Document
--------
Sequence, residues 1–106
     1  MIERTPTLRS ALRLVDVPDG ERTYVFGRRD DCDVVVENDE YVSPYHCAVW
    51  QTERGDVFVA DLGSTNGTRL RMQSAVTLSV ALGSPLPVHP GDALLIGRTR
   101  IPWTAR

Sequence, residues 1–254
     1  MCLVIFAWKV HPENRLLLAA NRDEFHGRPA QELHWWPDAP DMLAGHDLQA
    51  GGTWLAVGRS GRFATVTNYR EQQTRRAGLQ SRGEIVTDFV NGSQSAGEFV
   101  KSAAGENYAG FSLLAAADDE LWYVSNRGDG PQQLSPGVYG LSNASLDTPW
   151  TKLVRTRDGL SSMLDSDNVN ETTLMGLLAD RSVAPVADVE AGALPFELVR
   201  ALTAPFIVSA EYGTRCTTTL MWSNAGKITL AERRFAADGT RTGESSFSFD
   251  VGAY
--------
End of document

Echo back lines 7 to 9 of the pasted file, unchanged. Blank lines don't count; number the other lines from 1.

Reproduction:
    51  GGTWLAVGRS GRFATVTNYR EQQTRRAGLQ SRGEIVTDFV NGSQSAGEFV
   101  KSAAGENYAG FSLLAAADDE LWYVSNRGDG PQQLSPGVYG LSNASLDTPW
   151  TKLVRTRDGL SSMLDSDNVN ETTLMGLLAD RSVAPVADVE AGALPFELVR